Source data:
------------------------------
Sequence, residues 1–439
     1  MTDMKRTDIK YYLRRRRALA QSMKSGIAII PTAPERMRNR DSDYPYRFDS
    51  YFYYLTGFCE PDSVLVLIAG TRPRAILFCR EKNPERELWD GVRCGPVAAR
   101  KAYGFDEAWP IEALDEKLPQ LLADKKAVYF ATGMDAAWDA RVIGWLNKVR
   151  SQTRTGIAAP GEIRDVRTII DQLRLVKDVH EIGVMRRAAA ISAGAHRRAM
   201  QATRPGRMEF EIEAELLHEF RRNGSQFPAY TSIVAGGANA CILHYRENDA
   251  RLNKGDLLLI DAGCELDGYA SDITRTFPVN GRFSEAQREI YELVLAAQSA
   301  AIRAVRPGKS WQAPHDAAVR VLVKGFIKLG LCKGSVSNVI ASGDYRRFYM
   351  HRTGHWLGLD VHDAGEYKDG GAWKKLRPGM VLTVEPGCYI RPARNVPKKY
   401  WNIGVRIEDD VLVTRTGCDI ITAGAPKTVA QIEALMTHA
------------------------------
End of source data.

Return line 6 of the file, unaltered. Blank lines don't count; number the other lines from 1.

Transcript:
   201  QATRPGRMEF EIEAELLHEF RRNGSQFPAY TSIVAGGANA CILHYRENDA